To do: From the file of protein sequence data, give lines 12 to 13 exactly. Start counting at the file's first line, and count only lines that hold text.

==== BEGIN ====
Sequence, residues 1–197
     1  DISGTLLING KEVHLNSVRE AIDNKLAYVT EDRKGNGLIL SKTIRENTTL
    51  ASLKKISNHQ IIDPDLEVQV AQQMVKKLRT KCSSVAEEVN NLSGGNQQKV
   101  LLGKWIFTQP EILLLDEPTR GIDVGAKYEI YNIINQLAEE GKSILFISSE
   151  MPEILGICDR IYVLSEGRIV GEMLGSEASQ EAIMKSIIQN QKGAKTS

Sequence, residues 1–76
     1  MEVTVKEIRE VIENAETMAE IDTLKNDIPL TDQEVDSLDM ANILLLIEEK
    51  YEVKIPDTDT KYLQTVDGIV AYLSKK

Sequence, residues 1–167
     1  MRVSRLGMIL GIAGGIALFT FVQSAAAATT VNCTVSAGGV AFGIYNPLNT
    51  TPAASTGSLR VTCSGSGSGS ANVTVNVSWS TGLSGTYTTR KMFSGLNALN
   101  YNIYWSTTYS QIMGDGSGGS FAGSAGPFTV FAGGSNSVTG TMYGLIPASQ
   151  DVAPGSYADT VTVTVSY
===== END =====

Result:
   101  YNIYWSTTYS QIMGDGSGGS FAGSAGPFTV FAGGSNSVTG TMYGLIPASQ
   151  DVAPGSYADT VTVTVSY